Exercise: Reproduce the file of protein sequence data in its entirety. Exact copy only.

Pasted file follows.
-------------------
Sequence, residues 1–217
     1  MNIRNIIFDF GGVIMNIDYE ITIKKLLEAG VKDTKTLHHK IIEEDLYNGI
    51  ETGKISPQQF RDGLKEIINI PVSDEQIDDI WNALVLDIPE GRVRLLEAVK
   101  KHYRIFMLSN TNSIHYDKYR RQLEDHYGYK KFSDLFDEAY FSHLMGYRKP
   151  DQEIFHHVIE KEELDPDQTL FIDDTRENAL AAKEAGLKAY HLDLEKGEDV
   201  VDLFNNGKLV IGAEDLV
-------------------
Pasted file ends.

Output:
Sequence, residues 1–217
     1  MNIRNIIFDF GGVIMNIDYE ITIKKLLEAG VKDTKTLHHK IIEEDLYNGI
    51  ETGKISPQQF RDGLKEIINI PVSDEQIDDI WNALVLDIPE GRVRLLEAVK
   101  KHYRIFMLSN TNSIHYDKYR RQLEDHYGYK KFSDLFDEAY FSHLMGYRKP
   151  DQEIFHHVIE KEELDPDQTL FIDDTRENAL AAKEAGLKAY HLDLEKGEDV
   201  VDLFNNGKLV IGAEDLV